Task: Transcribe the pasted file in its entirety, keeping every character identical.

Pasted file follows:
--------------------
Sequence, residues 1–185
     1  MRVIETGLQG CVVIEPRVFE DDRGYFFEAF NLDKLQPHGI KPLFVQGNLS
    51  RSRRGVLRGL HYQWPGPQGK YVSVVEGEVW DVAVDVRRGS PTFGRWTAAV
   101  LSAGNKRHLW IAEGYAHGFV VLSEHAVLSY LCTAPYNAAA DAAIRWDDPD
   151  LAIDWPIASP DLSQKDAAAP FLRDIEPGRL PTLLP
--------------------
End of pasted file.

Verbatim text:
Sequence, residues 1–185
     1  MRVIETGLQG CVVIEPRVFE DDRGYFFEAF NLDKLQPHGI KPLFVQGNLS
    51  RSRRGVLRGL HYQWPGPQGK YVSVVEGEVW DVAVDVRRGS PTFGRWTAAV
   101  LSAGNKRHLW IAEGYAHGFV VLSEHAVLSY LCTAPYNAAA DAAIRWDDPD
   151  LAIDWPIASP DLSQKDAAAP FLRDIEPGRL PTLLP